That's a Good Question

Updated: 27 October 2014

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That's a Good Question

A serious-minded 7 year old asked me "How could God make everything out of nothing?", and also "Who made God?".

I gave him my best answer on the spot, but thought I could perhaps do better, so wrote this for him and others. Hopefully it is not too confusing, and there are not too many new words without their definitions. Time will tell.

"How could God make everything out of nothing?"

That of course is what the Bible says - "In the beginning God created the heavens and the earth." Genesis 1:1. The Bible tells us Who made everything, but it does not tell us how God did it. In the Bible God did not give us a school-book about science, but rather a guide-book to show us the way back to Himself. One of the very first scientists, about 400 years ago, said something like this "There are two books that stop us from making a mistake; first, the Bible, which shows us the will of God; then the book of Nature, which shows us His power." (Sir Francis Bacon). Science is the study of this second "book", of the world of Nature that God created. It is good to learn from both. The first does tell us Who made everything, and the second gives us a lot of clues about the how. Science is a good thing and can give us clues about how God might have made everything.

Well, what is everything made from?

The whole universe, with its galaxies and stars , our Sun, the Earth, with its plants, animals and people; what are they made of? God gives men and woman brains to study His universe, and our scientists have discovered that everything is made of just four things:-

1. Matter that is, anything you can see or touch (or imagine seeing or touching) and anything that has weight. Stars, trees, rocks, air, water, metal, planets, and us!

2. Energy which makes things warm and makes things move, like sunlight and wind. Everything that is alive and everything that moves has energy stored up inside it.

3. Time for everything has a yesterday, a today and a tomorrow, in which to change and grow.

4. A Plan that is, what we call 'information', a bit like the plans for a new building. Everything contains some information (lots of it!). That is why a fish is different from a rock, why a star is different from a sand grain, why we have different hair and eye colours, and why no one's fingerprints are the same as anyone else's.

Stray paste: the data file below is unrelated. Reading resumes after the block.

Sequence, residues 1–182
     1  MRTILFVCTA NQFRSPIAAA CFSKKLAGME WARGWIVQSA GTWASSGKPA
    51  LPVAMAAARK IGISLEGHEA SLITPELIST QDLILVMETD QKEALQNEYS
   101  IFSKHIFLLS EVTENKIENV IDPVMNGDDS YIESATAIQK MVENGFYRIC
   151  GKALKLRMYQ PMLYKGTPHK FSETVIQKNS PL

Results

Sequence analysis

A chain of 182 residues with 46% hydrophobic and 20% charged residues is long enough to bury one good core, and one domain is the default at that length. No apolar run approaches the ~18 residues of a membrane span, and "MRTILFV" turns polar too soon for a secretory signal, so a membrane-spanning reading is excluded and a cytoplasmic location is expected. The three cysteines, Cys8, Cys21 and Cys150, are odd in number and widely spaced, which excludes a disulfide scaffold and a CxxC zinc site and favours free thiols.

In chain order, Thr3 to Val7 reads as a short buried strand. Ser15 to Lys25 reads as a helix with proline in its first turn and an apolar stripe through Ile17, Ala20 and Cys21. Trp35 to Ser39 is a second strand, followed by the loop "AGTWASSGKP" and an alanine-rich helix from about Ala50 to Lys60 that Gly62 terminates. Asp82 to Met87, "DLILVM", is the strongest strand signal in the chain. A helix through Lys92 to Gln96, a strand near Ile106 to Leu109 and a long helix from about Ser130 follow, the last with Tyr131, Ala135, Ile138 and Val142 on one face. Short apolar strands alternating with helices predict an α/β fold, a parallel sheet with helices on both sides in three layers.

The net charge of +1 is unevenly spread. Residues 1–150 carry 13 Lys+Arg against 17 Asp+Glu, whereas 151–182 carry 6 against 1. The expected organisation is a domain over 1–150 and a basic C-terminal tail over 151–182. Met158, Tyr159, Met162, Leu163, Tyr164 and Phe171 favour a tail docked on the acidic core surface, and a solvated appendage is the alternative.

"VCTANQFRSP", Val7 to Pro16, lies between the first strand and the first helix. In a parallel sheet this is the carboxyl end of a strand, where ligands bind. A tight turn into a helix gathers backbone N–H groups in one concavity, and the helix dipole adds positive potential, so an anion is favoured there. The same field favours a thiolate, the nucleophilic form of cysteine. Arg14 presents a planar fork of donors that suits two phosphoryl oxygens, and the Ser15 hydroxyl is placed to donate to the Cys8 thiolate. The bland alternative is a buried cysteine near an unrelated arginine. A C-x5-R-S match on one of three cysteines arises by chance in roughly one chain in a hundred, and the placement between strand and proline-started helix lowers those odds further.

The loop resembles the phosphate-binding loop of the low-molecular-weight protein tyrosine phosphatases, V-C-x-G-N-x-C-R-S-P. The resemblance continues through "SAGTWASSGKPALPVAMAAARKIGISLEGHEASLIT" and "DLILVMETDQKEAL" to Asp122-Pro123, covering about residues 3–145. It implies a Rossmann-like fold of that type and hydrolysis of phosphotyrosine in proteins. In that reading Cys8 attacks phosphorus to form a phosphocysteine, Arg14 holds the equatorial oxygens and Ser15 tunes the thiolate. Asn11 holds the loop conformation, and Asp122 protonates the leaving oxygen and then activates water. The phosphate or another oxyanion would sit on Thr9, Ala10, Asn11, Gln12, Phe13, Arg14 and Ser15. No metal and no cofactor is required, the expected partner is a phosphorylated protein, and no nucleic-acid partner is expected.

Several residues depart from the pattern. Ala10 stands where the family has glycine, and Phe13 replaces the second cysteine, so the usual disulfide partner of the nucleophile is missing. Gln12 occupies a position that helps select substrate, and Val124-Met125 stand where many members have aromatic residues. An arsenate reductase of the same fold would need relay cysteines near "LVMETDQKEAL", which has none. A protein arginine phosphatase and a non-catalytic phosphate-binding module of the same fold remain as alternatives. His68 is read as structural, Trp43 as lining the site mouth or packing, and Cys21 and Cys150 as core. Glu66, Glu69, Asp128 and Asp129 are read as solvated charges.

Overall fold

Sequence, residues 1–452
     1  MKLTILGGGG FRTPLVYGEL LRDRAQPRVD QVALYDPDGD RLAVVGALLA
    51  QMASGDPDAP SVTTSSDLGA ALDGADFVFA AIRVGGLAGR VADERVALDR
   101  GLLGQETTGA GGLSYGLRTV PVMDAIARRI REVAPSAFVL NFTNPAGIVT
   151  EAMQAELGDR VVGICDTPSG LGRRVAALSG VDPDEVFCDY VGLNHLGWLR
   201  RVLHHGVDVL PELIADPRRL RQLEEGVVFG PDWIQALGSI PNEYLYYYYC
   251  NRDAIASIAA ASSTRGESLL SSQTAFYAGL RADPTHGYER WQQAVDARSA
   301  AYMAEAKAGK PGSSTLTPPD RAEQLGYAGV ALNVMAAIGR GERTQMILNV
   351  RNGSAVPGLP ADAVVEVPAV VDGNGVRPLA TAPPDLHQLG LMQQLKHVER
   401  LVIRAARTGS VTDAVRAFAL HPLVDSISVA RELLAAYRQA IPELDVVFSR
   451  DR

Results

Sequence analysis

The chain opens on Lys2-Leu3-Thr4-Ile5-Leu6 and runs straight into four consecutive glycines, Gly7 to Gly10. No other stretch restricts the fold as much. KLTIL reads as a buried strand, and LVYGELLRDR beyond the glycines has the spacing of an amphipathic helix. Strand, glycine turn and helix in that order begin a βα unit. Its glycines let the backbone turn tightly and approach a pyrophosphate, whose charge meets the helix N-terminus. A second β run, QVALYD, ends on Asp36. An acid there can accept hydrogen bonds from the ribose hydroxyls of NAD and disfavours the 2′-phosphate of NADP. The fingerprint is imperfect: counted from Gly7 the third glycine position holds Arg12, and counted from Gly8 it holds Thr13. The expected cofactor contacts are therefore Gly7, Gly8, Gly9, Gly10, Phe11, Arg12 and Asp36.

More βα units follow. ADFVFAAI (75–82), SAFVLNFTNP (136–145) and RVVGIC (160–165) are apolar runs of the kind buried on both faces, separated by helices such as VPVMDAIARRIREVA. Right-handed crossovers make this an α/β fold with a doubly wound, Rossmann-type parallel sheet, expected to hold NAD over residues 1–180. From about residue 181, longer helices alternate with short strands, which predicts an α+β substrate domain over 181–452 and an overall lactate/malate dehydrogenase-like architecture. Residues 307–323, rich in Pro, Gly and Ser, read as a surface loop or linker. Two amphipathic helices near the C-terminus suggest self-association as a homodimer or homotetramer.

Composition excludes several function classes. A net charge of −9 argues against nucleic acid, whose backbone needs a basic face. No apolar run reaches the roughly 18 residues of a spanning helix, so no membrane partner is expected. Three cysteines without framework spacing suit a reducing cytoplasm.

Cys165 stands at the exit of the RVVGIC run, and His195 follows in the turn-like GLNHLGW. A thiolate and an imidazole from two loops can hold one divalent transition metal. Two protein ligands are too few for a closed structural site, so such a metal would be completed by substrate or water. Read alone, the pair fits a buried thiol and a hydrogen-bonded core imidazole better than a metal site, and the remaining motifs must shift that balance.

What does science tell us? Many scientists once thought the universe had no beginning, that it has always been there, but discoveries in the last 100 years show that it did have a beginning. This was many millions of years ago, when all the matter, energy and time were squashed into a single thing smaller and heavier than you can ever imagine. It had no length, width or height. Smaller even than this dot:

Not even light came out of it. There was nothing in it you could say was matter, or energy or time. Rather it was the seed of all three. It is something that no one can really describe or discover.

Then, and science cannot tell us why, it exploded. This gigantic explosion began time itself, and scattered matter and energy in all directions to make galaxies, stars, planets, and everything else. The galaxies are still rushing away from each other at enormous speeds, and our space satellites can even now pick up the echoes of that huge explosion, which scientists call "The Big Bang". If it really did happen this way (and scientific ideas do change as new things are discovered) then that tiny seed was as close to nothing as can be imagined. Who made this seed? There was only God. No one else, and nothing else, was there. Who made the plan? Only God could. It was God who spread out the galaxies, and formed the Sun and the Earth, and every living thing. It is not at all silly to believe what the Bible says:-"By faith (that is, by trusting God) we understand that the universe was formed at God's command" Hebrews 11:3

"But who made God?"

The Bible says He has always been there. He is not inside time the way we are. "The King eternal (outside time), immortal (lives forever), invisible, the only God" 1 Timothy 1:17.

Just think, if there was someone (call him "A") who made God, then "A" would be greater than "God", which would make "A" God instead. If we ask "is there someone 'B' who made person 'A'?", then "B" would be God. There is no end to asking this question.

There has to be someone who made everything, but was never made Himself, Someone behind Everything Else.

Our minds are too small to understand everything. Think about electricity. Scientists and engineers can tell us how it works, and we can all use it by turning on the lights, but who knows what it is, and why it exists?